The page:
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  HOME | Business & Economy (Click here for more)

Cambodia Denounces EU’s Decision to Withdraw Trade Benefits

PHNOM PENH – The European Union’s decision to suspend a part of the trade preferences over systematic violations of human rights by Cambodia is “unjust,” the government in Phnom Penh has said.

On Wednesday, the European Commission announced the restriction on selected footwear and garment products, including all travel goods and sugar. Such products were getting tariff preferences granted under the “Everything But Arms” (EBA) trade scheme.

The suspension, which will come into effect on Aug.12, 2020, unless the European Parliament blocks it, will affect about one-fifth of the Cambodian exports to the EU, the country’s biggest market destination. This is equivalent to $1 billion per year.

The Cambodian government denounced the “application of a double standard when it comes to the EU’s preferential practices with other trading nations.”

“The application of the concept ‘serious and systematic violation’ triggered by many misunderstandings about the actual realities in Cambodia has been applied arbitrarily,” the Ministry of Foreign Affairs and International Cooperation said in a statement released late Wednesday.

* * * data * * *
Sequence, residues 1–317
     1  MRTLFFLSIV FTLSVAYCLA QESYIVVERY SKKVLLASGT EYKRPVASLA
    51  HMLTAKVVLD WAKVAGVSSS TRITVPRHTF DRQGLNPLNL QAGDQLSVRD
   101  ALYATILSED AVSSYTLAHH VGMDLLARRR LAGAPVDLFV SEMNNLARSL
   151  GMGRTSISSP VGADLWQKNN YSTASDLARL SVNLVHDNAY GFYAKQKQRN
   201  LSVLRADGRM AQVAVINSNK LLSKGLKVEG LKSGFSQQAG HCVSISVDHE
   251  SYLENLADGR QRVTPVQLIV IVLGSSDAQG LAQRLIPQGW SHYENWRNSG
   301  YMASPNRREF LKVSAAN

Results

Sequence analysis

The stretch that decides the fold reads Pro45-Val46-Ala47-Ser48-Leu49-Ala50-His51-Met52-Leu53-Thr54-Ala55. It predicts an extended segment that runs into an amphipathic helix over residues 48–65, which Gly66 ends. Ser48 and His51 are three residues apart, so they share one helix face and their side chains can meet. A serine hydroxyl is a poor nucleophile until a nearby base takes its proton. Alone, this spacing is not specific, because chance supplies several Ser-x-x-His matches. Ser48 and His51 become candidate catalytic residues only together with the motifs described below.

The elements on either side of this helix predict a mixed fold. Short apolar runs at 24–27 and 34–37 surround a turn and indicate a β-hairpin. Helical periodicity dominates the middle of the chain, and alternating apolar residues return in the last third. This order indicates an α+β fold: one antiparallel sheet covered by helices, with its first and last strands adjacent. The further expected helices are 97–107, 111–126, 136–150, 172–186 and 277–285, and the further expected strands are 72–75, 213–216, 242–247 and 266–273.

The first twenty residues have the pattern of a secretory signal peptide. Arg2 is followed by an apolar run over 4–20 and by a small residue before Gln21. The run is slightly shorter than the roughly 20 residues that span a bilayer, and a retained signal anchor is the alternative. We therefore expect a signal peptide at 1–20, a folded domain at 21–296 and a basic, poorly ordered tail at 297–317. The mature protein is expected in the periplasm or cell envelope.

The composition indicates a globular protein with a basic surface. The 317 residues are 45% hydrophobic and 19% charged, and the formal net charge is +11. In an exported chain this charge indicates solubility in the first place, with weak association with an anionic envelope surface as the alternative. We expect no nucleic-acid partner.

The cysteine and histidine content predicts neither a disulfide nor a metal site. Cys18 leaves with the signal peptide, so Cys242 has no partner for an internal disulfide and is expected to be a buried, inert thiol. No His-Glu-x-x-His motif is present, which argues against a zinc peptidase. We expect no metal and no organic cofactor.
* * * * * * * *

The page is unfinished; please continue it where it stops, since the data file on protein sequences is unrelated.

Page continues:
“The decision is politically driven and is devoid of objectivity and impartiality,” the statement said.

Brussels began the process of withdrawing Cambodia from the EBA, which allows duty-free exports to the bloc from the world’s least-developed countries, a year ago.

The measure was put in place after July 2018 elections following a campaign against the opposition, media, and activists, by Prime Minister Hun Sen who assumed the post in 1985.

Human Rights Watch blamed Hun Sen for the decision and urged the leader to take measures on improving the “dismal human rights and labor rights situation,” including the end of the ban over the major opposition party of Cambodia.

“Hun Sen can get these preferences restored and show he cares about Cambodian workers by ending his assault on labor rights, the political opposition, and fundamental freedoms,” HRW Asia Director Brad Adams said in a statement on Thursday.

Adams said the prime minister had, however, “publicly and defiantly refused to take steps to address the EU’s concerns, even launching a sham treason trial against the leader of the opposition in the final stages of the EU’s deliberations, leaving the EU with no choice but to take this action.”

 

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